Paraboschi said he also had similar problems as Yadav before adjusting his schedule.

“I used to not sleep enough. I would be waking up at 5:30 a.m. for the gym and going to bed at 11 p.m. to midnight, and I would feel awful throughout the day, so I just started to make changes and cut back and gave myself more time to sleep,” Paraboschi said. 

Zoe Tu and Siri Byrisetty

Bosket said it could be challenging to find balance.

“You have to make time for it if it’s something you’re really into. I think you have to be good at budgeting your time—say, if you know you can’t exercise in the evening, you may have to try to fit it in in the morning. You just have to be good at budgeting your time, really,” Bosket said. “I would also say that you can also break up fitness and workouts; it doesn’t have to all be in one session. It can be broken up throughout the day. You can take a walk in the morning, you can take another walk at noon or whenever you can, and then maybe you go to the gym for a quick session—for half an hour even—in the evening, whatever works. It doesn’t all have to be thrown into one session.”

Bosket also stressed the importance of sleep for regular gym-goers. He said the greatest consideration “gym rats” have to take into consideration in their everyday lives is the amount of sleep and rest they get. 

“It’s well-documented that society as a whole doesn’t sleep enough. So I would say, (the) number one (consideration) would be (to) get enough rest,” Bosket said. “The training that you do, whatever it is, that in itself doesn’t make you better. It’s the recovery and the adaptation process in repairing the breakdown (that makes you better). The body only knows survival, so if you’re going to break the body down, the body intuitively says, ‘I’ve got to build you back up because if you’re going to beat the crap out of me, I have to survive this, and I have to build myself up stronger.’ So, the body repairs itself at sleep, at rest.”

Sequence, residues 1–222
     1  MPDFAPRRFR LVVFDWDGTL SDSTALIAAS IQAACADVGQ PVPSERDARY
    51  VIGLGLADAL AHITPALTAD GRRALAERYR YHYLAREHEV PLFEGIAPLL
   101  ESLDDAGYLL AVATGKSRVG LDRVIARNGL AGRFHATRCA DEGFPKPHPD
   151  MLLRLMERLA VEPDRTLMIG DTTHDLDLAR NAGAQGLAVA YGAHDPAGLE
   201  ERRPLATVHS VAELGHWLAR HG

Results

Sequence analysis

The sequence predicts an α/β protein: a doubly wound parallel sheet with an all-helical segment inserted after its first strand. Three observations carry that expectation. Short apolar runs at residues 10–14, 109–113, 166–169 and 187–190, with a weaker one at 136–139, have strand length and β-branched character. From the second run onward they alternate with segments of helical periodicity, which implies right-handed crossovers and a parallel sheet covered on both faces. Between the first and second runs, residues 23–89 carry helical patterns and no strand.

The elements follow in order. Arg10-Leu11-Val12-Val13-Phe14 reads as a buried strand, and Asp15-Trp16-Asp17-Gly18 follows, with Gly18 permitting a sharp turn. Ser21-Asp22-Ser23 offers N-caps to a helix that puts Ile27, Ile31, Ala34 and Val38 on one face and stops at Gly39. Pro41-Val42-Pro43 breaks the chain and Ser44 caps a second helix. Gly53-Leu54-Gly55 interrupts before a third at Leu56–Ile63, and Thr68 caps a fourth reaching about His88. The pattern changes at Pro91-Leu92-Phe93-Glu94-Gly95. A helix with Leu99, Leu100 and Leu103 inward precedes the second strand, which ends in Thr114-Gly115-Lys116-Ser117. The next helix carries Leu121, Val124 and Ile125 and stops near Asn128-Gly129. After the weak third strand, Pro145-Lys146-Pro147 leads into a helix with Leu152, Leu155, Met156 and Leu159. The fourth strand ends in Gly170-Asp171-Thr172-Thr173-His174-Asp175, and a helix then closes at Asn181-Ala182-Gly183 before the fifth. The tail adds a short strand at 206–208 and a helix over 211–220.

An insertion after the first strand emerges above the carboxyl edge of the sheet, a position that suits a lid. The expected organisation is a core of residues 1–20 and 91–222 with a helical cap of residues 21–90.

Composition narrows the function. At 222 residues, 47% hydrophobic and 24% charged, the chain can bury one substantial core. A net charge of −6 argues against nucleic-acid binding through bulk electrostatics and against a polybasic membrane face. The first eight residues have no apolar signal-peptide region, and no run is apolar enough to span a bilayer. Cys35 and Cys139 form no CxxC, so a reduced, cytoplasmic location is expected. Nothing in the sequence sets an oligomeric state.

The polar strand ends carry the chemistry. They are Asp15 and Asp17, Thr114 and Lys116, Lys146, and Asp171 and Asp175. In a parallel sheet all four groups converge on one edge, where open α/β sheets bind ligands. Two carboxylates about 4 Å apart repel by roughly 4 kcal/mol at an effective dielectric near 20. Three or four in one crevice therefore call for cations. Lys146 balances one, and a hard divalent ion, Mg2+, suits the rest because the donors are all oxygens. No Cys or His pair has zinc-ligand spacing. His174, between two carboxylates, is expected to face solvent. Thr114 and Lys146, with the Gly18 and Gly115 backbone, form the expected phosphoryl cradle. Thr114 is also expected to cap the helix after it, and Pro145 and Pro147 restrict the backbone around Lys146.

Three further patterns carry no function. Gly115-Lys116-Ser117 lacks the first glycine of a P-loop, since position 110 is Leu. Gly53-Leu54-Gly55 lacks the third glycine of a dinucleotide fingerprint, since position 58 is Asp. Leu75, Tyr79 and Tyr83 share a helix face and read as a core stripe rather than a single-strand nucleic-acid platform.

Although Paraboschi and Yadav said they didn’t find any explicit harms from going to the gym other than possible injuries and issues with time management, Bosket said addiction to the gym could be dangerous and encourages people that want to start going to the gym to seek out qualified, professional help. 

“People get addicted to (exercise) and overdo it. Runners, for instance, can run too many miles a week. That pounding on the body does take a toll. Anybody who lifts weights too heavy too often, that takes a pounding on your joints too,” Bosket said. “Seek out qualified information—maybe it’s the Internet—but know what source you’re getting it from. Don’t just look on there and take the first thing you think looks cool because that isn’t going to work. For certain, overuse and overdoing anything will just beat the crap out of you and cause you to go see the doctor. You have to know what you’re doing with your training.”